JPMorgan Chase has been criticized for not acting more quickly to end its relationship with the sexual predator Jeffrey Epstein
New York (AFP) - JPMorgan Chase announced Tuesday that it will pay $75 million to settle a US Virgin Islands’ (USVI) lawsuit that accused the bank of facilitating Jeffrey Epstein’s sex trafficking ring.
The big US bank, which previously reached a $290 million settlement with Epstein’s victims, also announced an agreement with former JPMorgan executive Jes Staley for an undisclosed sum.
These cases together resolve the bank’s remaining litigation over its embarrassing long-running association with the late Epstein.
The agreement with the USVI came a few weeks ahead of a scheduled trial in New York that likely would have bruised both sides.
While the USVI accused JPMorgan of turning a “blind eye” to Epstein’s conduct due to profit concerns, the bank levied essentially the same charge against USVI, saying the government helped Epstein obtain visas that allowed him to bring victims to the island.
The settlement, which must be approved by a US court, includes $30 million to support USVI charitable organizations, $25 million to enhance USVI law enforcement to combat human trafficking and $20 million in attorneys’ fees.
JPMorgan did not admit liability as part of the settlement, but the “firm deeply regrets any association with this man, and would never have continued doing business with him if it believed he was using the bank in any way to commit his heinous crimes,” the bank said in a statement.
“JPMorgan believes this settlement is in the best interest of all parties,” the bank said.
The USVI had originally sought $190 million in damages for the bank’s role in enabling Epstein’s sex crimes, including in the Virgin Islands, where he had a residence.
The USVI said JPMorgan “knowingly, negligently, and unlawfully provided and pulled the levers through which recruiters and victims were paid and was indispensable to the operation and concealment of the Epstein trafficking enterprise,” according the original complaint.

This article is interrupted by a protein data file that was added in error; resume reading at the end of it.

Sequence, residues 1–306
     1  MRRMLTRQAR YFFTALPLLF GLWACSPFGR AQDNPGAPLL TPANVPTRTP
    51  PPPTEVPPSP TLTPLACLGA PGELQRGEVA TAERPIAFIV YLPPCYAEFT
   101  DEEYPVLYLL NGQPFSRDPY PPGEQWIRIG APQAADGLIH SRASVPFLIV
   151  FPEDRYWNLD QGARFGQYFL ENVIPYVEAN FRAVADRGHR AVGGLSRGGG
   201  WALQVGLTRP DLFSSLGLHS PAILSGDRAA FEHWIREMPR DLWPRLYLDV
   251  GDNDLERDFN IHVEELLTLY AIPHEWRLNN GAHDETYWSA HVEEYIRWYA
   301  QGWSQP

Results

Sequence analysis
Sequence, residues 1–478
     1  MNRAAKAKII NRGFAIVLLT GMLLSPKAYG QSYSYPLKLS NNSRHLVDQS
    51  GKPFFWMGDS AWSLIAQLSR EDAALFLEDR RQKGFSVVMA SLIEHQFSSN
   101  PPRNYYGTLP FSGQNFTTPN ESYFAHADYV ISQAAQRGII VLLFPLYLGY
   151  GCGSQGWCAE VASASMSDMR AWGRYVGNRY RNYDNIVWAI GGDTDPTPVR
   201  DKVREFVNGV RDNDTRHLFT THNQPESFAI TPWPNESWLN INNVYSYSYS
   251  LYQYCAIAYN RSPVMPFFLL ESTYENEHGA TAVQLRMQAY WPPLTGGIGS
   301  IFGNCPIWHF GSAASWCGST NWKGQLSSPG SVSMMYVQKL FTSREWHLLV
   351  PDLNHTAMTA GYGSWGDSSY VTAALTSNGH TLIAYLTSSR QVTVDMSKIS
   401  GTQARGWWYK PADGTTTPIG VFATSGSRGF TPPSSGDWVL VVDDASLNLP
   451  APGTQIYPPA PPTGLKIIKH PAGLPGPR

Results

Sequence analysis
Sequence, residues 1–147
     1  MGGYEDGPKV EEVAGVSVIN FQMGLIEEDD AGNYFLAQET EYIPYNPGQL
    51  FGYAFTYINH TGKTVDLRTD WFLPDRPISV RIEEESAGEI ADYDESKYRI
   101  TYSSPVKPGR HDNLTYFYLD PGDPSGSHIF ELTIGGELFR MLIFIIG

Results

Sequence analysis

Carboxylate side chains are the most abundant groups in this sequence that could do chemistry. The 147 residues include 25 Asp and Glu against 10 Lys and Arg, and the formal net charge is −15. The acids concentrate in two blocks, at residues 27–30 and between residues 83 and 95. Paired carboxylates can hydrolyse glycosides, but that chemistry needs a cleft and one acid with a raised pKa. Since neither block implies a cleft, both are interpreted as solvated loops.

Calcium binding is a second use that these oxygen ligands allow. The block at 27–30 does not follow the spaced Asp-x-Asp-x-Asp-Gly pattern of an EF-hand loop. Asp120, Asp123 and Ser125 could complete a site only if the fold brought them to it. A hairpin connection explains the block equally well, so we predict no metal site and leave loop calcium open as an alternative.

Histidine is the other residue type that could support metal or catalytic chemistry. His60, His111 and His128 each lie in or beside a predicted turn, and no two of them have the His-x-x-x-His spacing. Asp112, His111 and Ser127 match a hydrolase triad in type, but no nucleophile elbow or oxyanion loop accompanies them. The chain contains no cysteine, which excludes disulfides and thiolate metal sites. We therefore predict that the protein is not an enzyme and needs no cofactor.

- Bank hits back -
The bank hit back forcefully, saying in a May legal filing that the USVI government was “complicit in the crimes of Jeffrey Epstein.”
Under a “quid pro quo” relationship with top USVI officials, Epstein “gave them advice, influence, and favors,” JPMorgan said in the filing. “In exchange, they shielded and even rewarded him… looking the other way when he walked through USVI airports accompanied by girls and young women.”
US Virgin Islands Attorney General Ariel Smith said Tuesday the agreement would prevent human trafficking in the future.
“This settlement is an historic victory for survivors and for state enforcement, and it should sound the alarm on Wall Street about banks’ responsibilities under the law to detect and prevent human trafficking,” Smith said.
“We are proud to have stood alongside the survivors throughout this litigation, and this settlement reflects our continued commitment to them,” Smith said.
The USVI press release listed a number of “substantial commitments” by JPMorgan to combat human trafficking, including informing law enforcement of perpetrators and terminating customers’ accounts if there is credible evidence of wrongdoing.
But a JPMorgan spokesperson said the bank has not changed or fortified its policies due to the accord.
“There are no new commitments. Our controls, compliance, risk, and other functions are always improving, and we are continually investing to become even better,” said JPMorgan’s Trish Wexler.
“We have always worked closely with law enforcement to help combat human trafficking, and we will continue to look for ways to invest in advancing this important mission.”